In recent news it has been announced that the Department for Transport is considering a 74-point ‘action plan’ to update and renew motoring regulations. First among these is to toughen up seat belt rules. As sure as the changing of the seasons, this will surely mean a rise in the cost and severity of penalties.
In addition to financial pain, drivers and passengers not wearing seat belts could be subject to penalty points and even disqualification for recalcitrant wrong-doers. The system could also grass up the offender to others, causing increases in car insurance premiums and added difficulty when hiring cars. It sounds like the DfT means business, but with good reason.
In 2017 for example, twenty-seven percent of people killed in car accidents were not wearing a belt. At least a quarter of them would be alive today if they had only buckled up. It makes you think, doesn’t it?
Like many things that governments impose, for better or worse, the wearing of seat belts took a while to catch on, but the authorities see these things long-term and as a wearing-down process until the erring public shape up, if only to make the nagging stop. It worked, thank goodness, with the clearing up after dogs, the smoking in public places and the dropping of litter (somewhat). We grow to accept it.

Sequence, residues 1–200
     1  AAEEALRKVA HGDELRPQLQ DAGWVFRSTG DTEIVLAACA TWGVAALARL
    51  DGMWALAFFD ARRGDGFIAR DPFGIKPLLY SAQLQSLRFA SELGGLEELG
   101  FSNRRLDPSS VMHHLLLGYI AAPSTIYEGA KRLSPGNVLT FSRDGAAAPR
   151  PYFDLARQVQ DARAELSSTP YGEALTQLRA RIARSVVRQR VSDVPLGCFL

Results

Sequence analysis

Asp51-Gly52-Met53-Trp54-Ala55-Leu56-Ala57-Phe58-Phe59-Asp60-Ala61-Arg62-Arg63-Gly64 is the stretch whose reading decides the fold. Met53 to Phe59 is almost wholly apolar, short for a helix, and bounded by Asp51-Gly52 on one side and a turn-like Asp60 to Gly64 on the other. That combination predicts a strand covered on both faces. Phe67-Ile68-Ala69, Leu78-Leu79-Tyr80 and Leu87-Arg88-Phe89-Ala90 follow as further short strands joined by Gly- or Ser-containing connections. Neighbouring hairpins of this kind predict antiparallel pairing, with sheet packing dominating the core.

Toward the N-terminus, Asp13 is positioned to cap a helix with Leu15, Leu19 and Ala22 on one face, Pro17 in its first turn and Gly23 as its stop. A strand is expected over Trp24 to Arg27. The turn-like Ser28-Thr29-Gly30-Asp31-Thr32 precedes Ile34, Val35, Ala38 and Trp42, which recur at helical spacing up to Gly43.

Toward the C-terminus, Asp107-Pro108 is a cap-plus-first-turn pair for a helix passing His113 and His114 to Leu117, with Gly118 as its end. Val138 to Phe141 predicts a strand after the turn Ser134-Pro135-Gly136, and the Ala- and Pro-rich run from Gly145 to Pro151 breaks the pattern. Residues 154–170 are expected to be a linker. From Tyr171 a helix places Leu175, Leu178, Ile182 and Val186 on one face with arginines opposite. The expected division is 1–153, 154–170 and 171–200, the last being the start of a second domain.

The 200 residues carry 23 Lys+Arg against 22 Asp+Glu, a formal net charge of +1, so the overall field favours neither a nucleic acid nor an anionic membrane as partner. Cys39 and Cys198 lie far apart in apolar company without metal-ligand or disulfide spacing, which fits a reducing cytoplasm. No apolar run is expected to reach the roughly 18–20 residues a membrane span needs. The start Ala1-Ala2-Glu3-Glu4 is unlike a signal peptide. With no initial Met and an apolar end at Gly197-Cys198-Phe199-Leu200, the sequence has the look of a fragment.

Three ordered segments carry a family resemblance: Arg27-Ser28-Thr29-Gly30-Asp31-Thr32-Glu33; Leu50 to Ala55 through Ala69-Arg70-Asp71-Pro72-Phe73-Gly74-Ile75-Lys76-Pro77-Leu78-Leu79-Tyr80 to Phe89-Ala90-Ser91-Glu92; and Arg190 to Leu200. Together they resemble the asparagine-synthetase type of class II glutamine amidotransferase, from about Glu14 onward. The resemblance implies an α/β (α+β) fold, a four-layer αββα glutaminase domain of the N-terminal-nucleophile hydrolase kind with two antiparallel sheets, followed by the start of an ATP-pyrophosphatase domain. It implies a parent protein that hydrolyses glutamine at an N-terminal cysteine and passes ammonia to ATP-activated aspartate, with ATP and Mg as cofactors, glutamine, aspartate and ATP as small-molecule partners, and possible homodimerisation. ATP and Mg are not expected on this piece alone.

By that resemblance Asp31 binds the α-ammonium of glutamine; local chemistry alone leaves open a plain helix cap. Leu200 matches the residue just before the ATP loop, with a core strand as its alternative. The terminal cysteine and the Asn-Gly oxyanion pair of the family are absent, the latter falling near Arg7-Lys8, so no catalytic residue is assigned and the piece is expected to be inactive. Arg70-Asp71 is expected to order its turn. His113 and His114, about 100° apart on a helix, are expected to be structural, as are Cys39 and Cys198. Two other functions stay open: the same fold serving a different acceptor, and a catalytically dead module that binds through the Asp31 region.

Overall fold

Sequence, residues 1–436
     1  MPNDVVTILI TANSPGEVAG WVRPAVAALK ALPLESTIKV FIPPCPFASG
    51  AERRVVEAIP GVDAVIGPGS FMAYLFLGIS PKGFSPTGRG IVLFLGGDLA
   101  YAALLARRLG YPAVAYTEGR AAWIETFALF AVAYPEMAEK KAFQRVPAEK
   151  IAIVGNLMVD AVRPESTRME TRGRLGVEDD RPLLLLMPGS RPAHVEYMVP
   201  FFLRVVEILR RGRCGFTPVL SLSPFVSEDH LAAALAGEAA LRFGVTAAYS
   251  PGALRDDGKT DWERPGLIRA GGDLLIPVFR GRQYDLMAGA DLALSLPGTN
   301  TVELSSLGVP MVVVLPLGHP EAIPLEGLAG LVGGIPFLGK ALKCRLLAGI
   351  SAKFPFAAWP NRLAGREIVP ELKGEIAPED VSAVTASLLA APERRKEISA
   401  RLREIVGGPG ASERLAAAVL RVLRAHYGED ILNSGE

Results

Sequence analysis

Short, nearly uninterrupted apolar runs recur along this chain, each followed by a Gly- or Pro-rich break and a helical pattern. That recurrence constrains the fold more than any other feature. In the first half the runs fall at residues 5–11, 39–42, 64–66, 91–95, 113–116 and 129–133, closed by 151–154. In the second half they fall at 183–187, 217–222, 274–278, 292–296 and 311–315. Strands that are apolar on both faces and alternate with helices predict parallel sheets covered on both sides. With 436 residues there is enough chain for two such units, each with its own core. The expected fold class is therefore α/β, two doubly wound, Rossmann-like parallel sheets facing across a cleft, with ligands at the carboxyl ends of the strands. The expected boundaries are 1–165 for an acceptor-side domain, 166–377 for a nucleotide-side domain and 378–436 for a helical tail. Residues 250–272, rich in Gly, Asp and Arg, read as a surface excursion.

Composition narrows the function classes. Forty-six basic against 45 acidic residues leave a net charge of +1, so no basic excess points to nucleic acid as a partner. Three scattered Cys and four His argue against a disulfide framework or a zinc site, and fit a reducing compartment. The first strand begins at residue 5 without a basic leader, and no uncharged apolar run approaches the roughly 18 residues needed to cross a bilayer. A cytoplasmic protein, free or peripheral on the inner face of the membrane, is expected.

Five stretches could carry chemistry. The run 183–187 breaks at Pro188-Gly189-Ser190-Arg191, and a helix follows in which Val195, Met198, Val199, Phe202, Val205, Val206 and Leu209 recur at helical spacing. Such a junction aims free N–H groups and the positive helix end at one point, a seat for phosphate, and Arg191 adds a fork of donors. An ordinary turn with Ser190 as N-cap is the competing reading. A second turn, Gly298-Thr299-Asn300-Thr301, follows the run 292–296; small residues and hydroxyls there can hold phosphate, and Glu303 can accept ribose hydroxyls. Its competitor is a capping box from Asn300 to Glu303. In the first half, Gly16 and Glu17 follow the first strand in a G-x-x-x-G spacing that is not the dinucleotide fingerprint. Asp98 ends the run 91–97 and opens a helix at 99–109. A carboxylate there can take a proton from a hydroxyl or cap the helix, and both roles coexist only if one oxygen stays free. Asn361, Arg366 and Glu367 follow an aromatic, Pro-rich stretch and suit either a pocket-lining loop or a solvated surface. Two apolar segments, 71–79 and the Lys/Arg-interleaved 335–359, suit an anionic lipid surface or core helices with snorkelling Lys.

Seat belts work, of this there is no question. To make excuses like allegedly forgetting or because they are uncomfortable butter no parsnips with the police. We have had many years to get into the ‘clunk-click’ habit.
Here in Great Britain, manufacturers were obliged to fit belt anchorage points from 1965. Subsequently there was a requirement to fit three-point belts on the seats but it took almost two more decades, 1983, for the wearing of belts, in the front seats, to be compulsory. By 1987 rear seatbelts were required in all new cars, but again the law took its time for the compulsory use; 1989 for children and 1991 for adults.
Subsequently child seats and further child safety rules were added. It’s 2019 now so it has taken over half a century to get where we are today; so don’t say you weren’t aware when you get nabbed and punished. From September of this year EU law (it will still apply regardless of the other on-going business) will require seatbelt reminder systems in front and rear seats on all new cars. No doubt, it will take many years before the majority of cars on the road have this feature however.
Statistics can mean a lot of different things to different people who differ about statistics. All manner of organisations trot them out and quote them like gospel texts but by and large it’s just a lot of numbers to most of us.
The same cannot be said of accident statistics. A dead motorist is a dead motorist. An injured child cannot be ignored. That’s why, just sometimes, Nanny knows best. Our cars are getting safer, of that there is no question, but devices like seat belts continue to require our active participation. It’s daft to do otherwise and that’s why all the cars we sell are thoroughly checked by a qualified AA inspector so we know the seat belts are in perfect working order, enabling the happy new owner to make the right decision.